In an interview with ZEIT ONLINE, Lara Dovifat from Doctors Without Borders ruled out that her employees in the Gaza Strip had seen weapons caches in hospitals. In November, two employees of her organization were killed in an attack on the Al-Awda hospital in the north of the Gaza Strip. The two were on the third and fourth floors of the hospital during the attack to care for patients. According to Lara Dovifat, medical staff were not warned about the attack. In December, Médecins Sans Frontières was also ordered by the Israeli military to evacuate two health centers that primarily treated children under five years of age with burns. “We had to leave patients with worms in their wounds,” says Lara Dovifat.

Doctors treat a wounded child at Nasser Hospital on December 17. © Stringer/​AFP/​Getty Images

Israel: Doctors involved in Hamas terror

A similar picture emerges in the Shifa Hospital, the largest medical complex in the Gaza Strip before the war. For weeks, the Israeli military has repeatedly reported that it had found Hamas weapons there and, at the end of November, presented international journalists with tunnels on the site, including those allegedly used by Hamas a reporter from ZEIT.

Given the situation, one question arises: Why did the Israeli military manage to show journalists the complex back in November, but still failed to supply the hospital with medical supplies? ZEIT ONLINE asked the Israeli military press office this question in writing. There is no concrete answer to the question. “The evidence that Hamas is exploiting hospitals and medical facilities for terrorist purposes is overwhelming and irrefutable,” the military spokesmen wrote.

There is a “direct involvement of medical personnel, including doctors, in Hamas’s terrorist activities.” The Israel Defense Forces (IDF) attempts to provide this information on its homepage with numerous images, videos and other material to prove. The situation of the civilian population in the south is also becoming increasingly dramatic. Many people fled there at the request of the Israeli military.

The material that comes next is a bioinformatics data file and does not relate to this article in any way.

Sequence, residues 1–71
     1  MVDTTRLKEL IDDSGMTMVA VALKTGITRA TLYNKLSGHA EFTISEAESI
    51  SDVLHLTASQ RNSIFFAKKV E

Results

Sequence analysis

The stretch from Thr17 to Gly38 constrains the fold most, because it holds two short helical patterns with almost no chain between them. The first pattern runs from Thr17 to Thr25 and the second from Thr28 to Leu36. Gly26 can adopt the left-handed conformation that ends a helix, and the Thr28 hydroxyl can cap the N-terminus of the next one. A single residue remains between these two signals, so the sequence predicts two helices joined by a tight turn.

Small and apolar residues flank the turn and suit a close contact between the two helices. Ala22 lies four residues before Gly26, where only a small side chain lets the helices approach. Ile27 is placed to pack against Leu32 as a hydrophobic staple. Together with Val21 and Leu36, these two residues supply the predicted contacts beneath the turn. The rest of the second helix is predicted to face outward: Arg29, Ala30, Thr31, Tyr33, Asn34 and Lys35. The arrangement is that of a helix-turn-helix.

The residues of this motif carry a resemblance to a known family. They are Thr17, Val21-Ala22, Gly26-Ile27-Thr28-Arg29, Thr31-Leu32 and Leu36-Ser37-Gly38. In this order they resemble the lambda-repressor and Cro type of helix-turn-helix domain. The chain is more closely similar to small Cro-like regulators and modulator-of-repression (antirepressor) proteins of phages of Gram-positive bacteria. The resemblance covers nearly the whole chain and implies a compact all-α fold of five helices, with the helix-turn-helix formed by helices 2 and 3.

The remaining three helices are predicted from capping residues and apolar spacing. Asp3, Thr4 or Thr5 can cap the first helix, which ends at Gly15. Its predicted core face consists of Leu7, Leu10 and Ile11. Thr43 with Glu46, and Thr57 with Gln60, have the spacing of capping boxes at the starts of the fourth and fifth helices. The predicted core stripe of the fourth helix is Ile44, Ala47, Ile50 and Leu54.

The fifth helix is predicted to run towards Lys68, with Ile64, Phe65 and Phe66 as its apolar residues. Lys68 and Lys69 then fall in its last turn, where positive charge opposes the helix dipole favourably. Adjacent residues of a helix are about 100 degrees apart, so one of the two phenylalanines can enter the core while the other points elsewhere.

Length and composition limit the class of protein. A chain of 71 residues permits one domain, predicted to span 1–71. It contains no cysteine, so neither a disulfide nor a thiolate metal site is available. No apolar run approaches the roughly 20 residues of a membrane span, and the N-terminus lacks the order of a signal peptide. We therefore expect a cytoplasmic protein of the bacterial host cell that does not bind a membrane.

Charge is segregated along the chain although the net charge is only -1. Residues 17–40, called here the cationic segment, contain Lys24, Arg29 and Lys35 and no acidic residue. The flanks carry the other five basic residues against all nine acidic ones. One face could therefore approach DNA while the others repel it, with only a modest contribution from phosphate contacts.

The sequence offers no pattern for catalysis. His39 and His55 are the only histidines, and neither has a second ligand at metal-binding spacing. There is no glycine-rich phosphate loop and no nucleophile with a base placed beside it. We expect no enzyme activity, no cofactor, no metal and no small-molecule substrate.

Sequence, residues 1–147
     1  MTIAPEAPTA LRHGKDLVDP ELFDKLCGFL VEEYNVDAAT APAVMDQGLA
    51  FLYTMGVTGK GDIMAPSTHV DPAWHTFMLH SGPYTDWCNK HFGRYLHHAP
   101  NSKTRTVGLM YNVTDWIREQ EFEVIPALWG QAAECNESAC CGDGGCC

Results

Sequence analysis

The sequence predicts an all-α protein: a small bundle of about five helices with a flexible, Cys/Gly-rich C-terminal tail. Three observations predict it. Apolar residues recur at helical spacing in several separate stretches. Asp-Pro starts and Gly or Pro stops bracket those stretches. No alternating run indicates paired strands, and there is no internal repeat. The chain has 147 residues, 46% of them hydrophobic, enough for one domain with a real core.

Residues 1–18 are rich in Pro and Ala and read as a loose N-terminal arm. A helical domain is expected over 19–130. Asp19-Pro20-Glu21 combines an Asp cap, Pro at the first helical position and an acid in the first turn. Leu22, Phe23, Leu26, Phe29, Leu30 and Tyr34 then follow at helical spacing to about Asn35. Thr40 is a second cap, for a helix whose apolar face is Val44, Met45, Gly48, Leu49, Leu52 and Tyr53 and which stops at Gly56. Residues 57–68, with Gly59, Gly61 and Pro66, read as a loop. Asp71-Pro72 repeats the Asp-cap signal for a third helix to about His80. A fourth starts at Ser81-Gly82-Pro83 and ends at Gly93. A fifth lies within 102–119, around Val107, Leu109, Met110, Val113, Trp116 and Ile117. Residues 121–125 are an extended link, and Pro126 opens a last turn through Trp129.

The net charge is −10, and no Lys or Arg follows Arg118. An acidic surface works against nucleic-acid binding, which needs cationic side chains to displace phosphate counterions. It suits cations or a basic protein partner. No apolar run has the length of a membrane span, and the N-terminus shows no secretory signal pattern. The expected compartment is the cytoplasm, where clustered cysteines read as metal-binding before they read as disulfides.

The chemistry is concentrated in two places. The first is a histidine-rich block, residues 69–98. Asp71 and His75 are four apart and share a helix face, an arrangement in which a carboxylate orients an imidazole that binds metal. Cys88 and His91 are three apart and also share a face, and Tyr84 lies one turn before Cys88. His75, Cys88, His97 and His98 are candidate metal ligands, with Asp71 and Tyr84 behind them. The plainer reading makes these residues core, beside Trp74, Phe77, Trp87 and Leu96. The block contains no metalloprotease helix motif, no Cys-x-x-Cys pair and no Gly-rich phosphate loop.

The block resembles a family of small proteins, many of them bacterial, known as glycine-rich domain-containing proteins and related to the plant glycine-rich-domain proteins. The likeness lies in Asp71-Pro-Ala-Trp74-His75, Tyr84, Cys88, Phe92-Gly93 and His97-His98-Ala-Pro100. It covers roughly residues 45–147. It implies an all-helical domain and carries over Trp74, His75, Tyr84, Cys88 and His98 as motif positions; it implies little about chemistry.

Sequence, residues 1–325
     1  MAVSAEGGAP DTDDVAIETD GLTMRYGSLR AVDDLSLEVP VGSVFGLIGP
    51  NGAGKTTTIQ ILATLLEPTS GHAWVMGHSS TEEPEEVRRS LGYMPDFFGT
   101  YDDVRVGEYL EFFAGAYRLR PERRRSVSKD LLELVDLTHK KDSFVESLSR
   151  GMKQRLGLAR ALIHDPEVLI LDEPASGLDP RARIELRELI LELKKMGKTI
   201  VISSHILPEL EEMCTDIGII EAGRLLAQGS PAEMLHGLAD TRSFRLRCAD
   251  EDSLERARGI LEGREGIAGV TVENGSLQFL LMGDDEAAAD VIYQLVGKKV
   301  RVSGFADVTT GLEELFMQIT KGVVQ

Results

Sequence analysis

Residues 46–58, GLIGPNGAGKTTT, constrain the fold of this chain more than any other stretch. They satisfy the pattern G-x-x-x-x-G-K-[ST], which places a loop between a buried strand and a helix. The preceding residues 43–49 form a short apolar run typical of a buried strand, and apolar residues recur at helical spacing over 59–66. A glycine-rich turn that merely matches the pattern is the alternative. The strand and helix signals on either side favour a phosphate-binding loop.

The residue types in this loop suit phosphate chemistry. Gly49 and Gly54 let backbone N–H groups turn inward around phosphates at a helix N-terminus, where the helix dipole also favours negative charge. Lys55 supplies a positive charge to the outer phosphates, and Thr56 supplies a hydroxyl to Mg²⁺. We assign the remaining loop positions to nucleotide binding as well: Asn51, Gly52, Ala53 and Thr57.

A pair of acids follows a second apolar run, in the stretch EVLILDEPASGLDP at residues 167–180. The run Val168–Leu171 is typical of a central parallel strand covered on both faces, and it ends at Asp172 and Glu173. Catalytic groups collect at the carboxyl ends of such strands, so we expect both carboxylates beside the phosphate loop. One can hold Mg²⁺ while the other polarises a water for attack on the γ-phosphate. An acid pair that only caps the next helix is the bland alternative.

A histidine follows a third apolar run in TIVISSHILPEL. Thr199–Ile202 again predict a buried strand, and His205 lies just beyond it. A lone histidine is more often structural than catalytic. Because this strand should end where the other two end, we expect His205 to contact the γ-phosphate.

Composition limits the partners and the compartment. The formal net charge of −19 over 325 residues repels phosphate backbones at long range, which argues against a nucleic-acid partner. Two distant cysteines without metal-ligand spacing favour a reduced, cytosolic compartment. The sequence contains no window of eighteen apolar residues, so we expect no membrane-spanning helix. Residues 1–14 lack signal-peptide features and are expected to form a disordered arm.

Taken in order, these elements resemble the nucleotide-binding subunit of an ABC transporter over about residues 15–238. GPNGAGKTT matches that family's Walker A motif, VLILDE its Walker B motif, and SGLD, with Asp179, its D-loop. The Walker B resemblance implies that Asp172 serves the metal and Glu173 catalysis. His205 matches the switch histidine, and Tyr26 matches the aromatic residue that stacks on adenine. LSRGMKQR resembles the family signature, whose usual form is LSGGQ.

Juliette Touma is a spokeswoman for UNRWA, the United Nations relief agency for Palestine refugees in the Middle East, and she spoke to ZEIT ONLINE this week. Almost 1.4 of the 1.9 million people displaced within the territory are currently seeking refuge in the 155 UNRWA facilities, for example in schools. “Our teams report that because of the lack of supplies, they are sometimes unable to give a family of seven or eight more than a bottle of water and a can of tuna for a whole day,” Touma says by phone from her office in Jordan. Because of the winter, people urgently needed blankets, shelter and warm clothing.

Many houses are destroyed. There is a lack of shelter, food and warm clothing. © Mohammed Abed/​AFP/​Getty Images

Currently, a maximum of 100 trucks with relief supplies arrive in the Gaza Strip per day, usually significantly fewer. Before the war there were 500 and the supplies to compensate for the undersupply had long since been used up. UNRWA facilities are also around 180 times been shot at, 136 employees died, says Touma. In some cases it is known for certain that these were Israeli air strikes, but in most cases it is unclear where the fire came from.

International criticism of Israel’s actions is becoming increasingly louder. Even US President Joe Biden, Israel’s closest ally, warned last week that the country was losing international support as a result of the “indiscriminate” bombing of the Gaza Strip. More than 20,000 people have been killed since the war began, according to the health authority controlled by the terrorist organization Hamas. In past conflicts, these numbers have proven to be reliable and differ little from the UN or Israel’s numbers, writes the specialist magazine The Lancet. However, it is not known how many of those killed were Hamas terrorists. Nobody doubts that thousands of children are among the dead.